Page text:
I realize similar topics have been discussed a lot, but they rarely address astronomy grad school, just physics, so if you can provide any insight I'd appreciate it. I understand PGRE standards are slightly lower for astronomy than physics, but I don't know how much.
I got my PGRE score back, and it is almost a hundred points lower than I was getting on practice tests. I'm wondering what kind of schools I have a decent shot at. Yes, I realize that you always have a shot if other things sufficiently compensate, but based on normal acceptance trends, what is my shot realistically? What kinds of schools can I be optimistic about? Before the test score I was shooting for top schools, but now I'm just hoping to go somewhere.
My scores are:
PGRE - 690 (53rd percentile)
General GRE, first attempt: 750V, 690Q, 5.0W
General GRE, second attempt: 710V, 770Q, ??W
I am a double major in Physics and Astronomy (double BSs) at the University of Florida, and I have about a year of research experience with a leading researcher in stellar populations. I am working on a paper on which I am first author, but it won't be submitted until spring. I am presenting the work at the American Astronomical Society meeting in Washington in January as first author; that abstract and program is already available. My GPA is a 3.90.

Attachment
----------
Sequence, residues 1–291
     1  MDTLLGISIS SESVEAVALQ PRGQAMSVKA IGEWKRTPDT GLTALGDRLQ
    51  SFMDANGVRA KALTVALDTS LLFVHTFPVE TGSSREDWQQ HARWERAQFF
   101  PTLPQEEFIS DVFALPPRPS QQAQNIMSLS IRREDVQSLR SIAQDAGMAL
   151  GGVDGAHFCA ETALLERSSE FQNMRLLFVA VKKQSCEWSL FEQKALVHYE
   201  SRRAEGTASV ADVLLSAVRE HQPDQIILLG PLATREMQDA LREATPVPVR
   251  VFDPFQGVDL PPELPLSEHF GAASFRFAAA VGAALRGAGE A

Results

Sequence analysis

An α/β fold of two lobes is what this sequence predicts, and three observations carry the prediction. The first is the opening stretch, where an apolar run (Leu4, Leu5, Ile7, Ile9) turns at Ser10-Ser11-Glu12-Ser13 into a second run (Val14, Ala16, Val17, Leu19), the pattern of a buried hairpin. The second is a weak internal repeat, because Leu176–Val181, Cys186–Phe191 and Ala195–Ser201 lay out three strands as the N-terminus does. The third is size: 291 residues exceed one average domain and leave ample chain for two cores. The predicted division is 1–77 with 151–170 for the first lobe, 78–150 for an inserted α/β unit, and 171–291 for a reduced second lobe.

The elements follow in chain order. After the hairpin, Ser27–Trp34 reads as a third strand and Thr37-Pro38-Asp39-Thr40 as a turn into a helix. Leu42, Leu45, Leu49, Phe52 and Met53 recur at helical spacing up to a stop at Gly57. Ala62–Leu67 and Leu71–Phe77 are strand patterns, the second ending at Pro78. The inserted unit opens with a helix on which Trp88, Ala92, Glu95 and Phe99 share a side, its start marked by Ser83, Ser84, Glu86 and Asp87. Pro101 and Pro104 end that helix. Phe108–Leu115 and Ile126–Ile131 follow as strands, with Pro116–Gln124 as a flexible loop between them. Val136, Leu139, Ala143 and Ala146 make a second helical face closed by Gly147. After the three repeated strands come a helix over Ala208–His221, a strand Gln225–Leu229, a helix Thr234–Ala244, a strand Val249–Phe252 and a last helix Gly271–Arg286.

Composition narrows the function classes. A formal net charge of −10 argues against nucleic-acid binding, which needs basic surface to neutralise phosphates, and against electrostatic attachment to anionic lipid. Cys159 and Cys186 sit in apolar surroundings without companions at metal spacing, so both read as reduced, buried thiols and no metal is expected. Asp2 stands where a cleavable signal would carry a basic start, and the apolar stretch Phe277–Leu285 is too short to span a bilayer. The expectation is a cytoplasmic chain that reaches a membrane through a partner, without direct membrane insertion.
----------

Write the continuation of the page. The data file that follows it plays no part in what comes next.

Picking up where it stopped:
I'm applying to a fair number of schools, and I'd like to know if I need to change them. Currently, I'm applying to Harvard, UVA, University of Washington, Hawaii, Caltech, OSU, University of Wisconsin, Santa Cruz, Texas at Austin, Arizona, Colorado at Boulder, Maryland, Florida, and NMSU . It's a wide spread of schools, from top schools to lower tier ones (I wanted to ensure I get in somewhere). Should I just give up on the top schools now, or do I have any shot? Realistically. Santa Cruz was my first choice but it now seems out of reach. (Though all of my letter writers are well known there, worked there, and are fairly prestigious researchers who know me well.) I want to do observational work in extragalactic astronomy and cosmology.
Thanks for any help.